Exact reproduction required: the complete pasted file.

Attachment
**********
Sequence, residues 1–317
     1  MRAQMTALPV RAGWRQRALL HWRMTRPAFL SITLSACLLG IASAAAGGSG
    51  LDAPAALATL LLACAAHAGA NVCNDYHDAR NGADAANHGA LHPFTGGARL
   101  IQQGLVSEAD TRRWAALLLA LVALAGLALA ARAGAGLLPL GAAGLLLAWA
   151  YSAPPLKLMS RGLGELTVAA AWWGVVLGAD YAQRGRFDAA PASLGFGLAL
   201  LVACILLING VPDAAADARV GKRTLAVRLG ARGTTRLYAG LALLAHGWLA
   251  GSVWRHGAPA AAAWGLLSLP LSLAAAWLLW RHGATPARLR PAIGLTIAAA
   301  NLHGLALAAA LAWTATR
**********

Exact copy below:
Sequence, residues 1–317
     1  MRAQMTALPV RAGWRQRALL HWRMTRPAFL SITLSACLLG IASAAAGGSG
    51  LDAPAALATL LLACAAHAGA NVCNDYHDAR NGADAANHGA LHPFTGGARL
   101  IQQGLVSEAD TRRWAALLLA LVALAGLALA ARAGAGLLPL GAAGLLLAWA
   151  YSAPPLKLMS RGLGELTVAA AWWGVVLGAD YAQRGRFDAA PASLGFGLAL
   201  LVACILLING VPDAAADARV GKRTLAVRLG ARGTTRLYAG LALLAHGWLA
   251  GSVWRHGAPA AAAWGLLSLP LSLAAAWLLW RHGATPARLR PAIGLTIAAA
   301  NLHGLALAAA LAWTATR